Who is this Fred W. Smith? (Not the Fed Ex Guy)

I read today on Arkansas Sports 360 about the $250,000.00 contribution to the Razorback building fund from Fred W. Smith and I wondered if it was the Fed Ex guy and the answer is no. Here is a profile of him from the Las Vegas  Review Journal:

FRED W. SMITH
(1934- )

Firm Foundation

As a young newspaper advertising executive, he took a gamble on a place called Las Vegas and a man named Don Reynolds, and helped that man build a media empire.

BY ED VOGEL
Review-Journal


Fred Smith looks back at his years with the Donrey Media Group and his future with the Donrey Foundation at his home in Incline Village.
(Cathleen Allison/Review-Journal)


Fred Smith, center, and media king Don Reynolds, at right in a pressman’s paper hat, tour the Review-Journal’s new pressroom about 1985 with John Pellegren, left, an architect involved with the building’s construction.
(Review-Journal files)

     INCLINE VILLAGE — As a 27-year-old newspaper advertising executive in Fort Smith, Ark., Fred W. Smith was not sure what to do when he received a call asking him to become general manager of the Review-Journal.
      Las Vegas in that year of 1961 was not the most glittering place in the world. It was Sin City in the eyes of many people from America’s Bible Belt.
      What Smith really wanted was the managership of the much bigger Southwest Times-Record in his hometown of Fort Smith. And he was thinking about tying the knot with a local girl. They’d even bought a lot for home.
      Las Vegas was a longshot, but Smith took the gamble.
      “It certainly was different than Arkansas,” says Smith about his journey into the netherworld of Las Vegas. “I don’t know if I looked at it as Sin City. But I knew if I didn’t take the job, then I wouldn’t get another opportunity.”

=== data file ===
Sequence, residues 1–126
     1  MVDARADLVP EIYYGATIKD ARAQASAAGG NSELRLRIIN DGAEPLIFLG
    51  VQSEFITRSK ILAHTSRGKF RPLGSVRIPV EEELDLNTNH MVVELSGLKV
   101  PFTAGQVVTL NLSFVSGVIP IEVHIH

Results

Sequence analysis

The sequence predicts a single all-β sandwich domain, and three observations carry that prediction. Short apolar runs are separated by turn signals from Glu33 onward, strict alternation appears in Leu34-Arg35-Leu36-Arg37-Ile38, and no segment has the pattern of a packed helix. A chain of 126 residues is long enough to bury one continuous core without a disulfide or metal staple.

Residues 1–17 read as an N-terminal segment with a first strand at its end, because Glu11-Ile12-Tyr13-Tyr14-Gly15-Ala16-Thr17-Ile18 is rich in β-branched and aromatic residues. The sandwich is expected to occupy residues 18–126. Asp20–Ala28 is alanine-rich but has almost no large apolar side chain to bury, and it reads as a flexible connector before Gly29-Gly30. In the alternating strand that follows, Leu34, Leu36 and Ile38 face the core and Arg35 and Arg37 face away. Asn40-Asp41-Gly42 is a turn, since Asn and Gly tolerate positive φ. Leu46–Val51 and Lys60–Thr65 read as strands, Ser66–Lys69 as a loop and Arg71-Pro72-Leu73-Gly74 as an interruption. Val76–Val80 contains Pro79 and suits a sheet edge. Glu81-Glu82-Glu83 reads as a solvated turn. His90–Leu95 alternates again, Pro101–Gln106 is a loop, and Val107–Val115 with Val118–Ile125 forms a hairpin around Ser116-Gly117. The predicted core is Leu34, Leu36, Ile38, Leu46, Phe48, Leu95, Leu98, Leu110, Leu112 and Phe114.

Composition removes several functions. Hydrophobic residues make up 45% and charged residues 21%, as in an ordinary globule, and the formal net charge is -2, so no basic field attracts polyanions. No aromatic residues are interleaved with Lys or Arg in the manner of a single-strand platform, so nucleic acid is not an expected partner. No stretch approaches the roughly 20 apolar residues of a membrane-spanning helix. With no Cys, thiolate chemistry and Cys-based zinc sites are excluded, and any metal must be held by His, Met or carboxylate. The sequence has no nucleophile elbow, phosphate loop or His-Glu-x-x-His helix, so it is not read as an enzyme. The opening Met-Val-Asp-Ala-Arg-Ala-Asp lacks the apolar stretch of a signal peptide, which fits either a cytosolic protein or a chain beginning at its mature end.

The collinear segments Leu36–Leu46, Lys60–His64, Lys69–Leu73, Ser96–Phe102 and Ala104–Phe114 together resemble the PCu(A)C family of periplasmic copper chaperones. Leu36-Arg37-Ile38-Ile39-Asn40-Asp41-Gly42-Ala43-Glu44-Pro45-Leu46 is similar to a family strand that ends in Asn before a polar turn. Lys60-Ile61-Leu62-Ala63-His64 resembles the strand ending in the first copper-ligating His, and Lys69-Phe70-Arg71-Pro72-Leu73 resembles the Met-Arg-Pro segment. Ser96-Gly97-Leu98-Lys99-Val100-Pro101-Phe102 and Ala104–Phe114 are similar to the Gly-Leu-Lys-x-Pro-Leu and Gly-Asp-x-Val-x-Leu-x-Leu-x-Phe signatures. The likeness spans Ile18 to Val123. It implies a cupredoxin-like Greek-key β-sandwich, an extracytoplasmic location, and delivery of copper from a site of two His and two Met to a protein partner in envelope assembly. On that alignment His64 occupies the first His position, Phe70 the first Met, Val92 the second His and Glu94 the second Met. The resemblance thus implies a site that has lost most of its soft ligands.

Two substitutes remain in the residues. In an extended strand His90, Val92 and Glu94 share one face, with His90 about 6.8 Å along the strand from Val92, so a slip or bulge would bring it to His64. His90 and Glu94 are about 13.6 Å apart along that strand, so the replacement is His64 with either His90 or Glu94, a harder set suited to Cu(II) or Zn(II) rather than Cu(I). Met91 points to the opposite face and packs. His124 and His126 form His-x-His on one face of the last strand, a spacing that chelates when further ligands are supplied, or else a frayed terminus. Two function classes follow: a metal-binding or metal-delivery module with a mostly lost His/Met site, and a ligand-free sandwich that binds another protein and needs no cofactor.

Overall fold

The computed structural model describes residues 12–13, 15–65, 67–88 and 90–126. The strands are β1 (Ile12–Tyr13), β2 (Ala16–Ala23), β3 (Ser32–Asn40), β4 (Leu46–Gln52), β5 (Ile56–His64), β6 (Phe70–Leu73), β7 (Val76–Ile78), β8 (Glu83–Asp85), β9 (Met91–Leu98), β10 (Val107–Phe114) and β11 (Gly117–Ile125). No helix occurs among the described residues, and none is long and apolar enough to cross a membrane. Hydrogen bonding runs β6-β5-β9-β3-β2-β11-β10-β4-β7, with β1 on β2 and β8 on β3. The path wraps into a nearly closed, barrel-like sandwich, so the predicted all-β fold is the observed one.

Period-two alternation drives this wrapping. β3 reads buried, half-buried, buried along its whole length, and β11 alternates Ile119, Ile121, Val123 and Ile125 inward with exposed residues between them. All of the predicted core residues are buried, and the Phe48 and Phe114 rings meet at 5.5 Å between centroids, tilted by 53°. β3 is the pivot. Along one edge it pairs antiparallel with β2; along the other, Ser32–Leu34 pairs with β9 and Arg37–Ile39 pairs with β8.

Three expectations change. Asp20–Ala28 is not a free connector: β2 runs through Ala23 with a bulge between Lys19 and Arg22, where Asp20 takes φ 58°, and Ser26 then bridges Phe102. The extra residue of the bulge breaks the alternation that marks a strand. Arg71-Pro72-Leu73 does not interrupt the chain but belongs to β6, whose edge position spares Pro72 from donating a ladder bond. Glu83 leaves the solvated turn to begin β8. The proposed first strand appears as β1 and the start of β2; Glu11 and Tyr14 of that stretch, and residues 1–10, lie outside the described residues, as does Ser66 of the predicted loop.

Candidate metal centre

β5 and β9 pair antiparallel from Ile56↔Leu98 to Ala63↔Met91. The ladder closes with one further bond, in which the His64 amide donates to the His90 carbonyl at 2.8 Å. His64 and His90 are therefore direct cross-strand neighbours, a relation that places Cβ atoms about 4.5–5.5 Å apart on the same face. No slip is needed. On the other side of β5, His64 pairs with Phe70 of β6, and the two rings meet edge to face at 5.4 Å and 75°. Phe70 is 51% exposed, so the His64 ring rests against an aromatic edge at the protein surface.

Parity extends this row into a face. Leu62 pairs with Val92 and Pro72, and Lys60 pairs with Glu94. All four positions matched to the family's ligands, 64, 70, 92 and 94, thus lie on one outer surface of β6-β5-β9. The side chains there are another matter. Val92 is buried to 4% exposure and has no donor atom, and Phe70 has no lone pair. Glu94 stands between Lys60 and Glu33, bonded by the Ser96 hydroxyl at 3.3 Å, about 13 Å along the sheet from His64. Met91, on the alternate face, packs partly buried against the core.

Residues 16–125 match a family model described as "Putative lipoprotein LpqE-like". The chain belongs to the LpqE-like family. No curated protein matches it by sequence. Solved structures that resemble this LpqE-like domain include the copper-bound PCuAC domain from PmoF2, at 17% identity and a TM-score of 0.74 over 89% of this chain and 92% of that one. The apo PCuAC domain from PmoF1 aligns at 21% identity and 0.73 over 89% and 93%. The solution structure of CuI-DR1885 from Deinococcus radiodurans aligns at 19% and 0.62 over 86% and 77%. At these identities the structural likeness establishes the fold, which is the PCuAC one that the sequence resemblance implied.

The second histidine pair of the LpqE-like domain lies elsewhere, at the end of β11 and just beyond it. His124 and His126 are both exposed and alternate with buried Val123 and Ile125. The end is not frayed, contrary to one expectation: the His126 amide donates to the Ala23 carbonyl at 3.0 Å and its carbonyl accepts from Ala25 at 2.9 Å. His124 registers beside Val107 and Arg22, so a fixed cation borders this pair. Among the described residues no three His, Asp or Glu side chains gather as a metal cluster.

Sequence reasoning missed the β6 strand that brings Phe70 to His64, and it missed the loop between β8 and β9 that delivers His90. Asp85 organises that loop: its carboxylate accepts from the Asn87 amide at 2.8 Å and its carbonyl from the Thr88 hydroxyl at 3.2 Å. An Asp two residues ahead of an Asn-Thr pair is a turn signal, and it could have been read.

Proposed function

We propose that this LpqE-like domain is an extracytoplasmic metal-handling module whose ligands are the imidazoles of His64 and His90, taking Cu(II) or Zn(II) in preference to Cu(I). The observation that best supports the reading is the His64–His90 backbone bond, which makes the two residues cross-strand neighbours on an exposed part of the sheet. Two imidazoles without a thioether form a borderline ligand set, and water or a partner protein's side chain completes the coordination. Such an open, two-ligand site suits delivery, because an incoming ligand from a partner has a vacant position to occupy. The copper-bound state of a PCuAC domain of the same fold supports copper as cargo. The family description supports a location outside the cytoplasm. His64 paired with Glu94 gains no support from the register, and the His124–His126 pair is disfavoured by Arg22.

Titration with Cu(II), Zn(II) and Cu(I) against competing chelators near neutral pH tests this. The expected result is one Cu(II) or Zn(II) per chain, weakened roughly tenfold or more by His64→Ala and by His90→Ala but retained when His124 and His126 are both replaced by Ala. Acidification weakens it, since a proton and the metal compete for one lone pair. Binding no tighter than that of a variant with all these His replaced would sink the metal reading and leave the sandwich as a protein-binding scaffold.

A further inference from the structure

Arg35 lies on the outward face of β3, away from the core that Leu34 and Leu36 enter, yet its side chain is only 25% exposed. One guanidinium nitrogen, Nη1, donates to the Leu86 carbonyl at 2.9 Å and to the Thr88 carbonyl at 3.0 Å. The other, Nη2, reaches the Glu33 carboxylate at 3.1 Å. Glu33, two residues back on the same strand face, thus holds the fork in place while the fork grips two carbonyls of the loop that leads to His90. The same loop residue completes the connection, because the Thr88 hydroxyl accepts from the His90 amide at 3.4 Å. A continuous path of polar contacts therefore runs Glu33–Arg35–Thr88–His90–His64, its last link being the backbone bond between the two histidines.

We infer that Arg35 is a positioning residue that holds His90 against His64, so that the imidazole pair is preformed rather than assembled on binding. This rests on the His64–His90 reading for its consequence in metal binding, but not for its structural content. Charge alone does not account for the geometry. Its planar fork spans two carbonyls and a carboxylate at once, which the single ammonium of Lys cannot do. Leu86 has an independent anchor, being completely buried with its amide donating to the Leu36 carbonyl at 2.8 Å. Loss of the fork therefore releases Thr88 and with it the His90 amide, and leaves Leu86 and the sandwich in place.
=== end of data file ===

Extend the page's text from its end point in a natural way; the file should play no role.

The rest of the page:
Now 65, Smith figures he made the right decision. Largely because of Smith’s business acumen, the Donrey Media Group became a billion-dollar enterprise with 52 daily newspapers and five cable companies at its peak in the late 1980s, along with television and radio stations and outdoor advertising companies.
      After his arrival in Las Vegas, Smith did not remain general manager for long. By 1966, he was vice president of Donrey’s western operations. Then in 1973, he became executive vice president and chief operating officer. In 1987 he was appointed president of the company and then in 1990 he became chairman.
      The Review-Journal remains the largest newspaper in that chain. Smith’s work made his boss, Donald W. Reynolds, the richest man in Nevada before his death in 1993.
      And to the day Reynolds died, Smith called him “Mister,” rather than by his first name.
      “It was all I ever called him,” Smith said. “It wasn’t anything he demanded. It was just a respect thing. Don Reynolds was an awesome person. He came up from nothing. He had built a very strong base and because of timing I happened to be there when the growth took place.”
      That Reynolds found a Nevada niche also was a matter of luck. Oklahoma-reared, Reynolds owned a couple of newspapers in his home state and Arkansas when he made a trip to Pasadena, Calif., and the Rose Bowl game on New Year’s Day 1949.
      While on his football excursion, he intended to look for a paper or two in California. Reynolds secured a complimentary ticket to the game from The Associated Press and happened to take a seat next to Al Cahlan, editor of the Review-Journal. Cahlan also was an AP guest at the game.
      “They got to talking,” Smith said. “Al Cahlan said, ‘Have you considered Nevada?'”
      Within a few months, Reynolds bought controlling interest in the Review-Journal, circulation 7,000, from the Frank Garside family. He bought out the remaining partner, Cahlan, in 1960.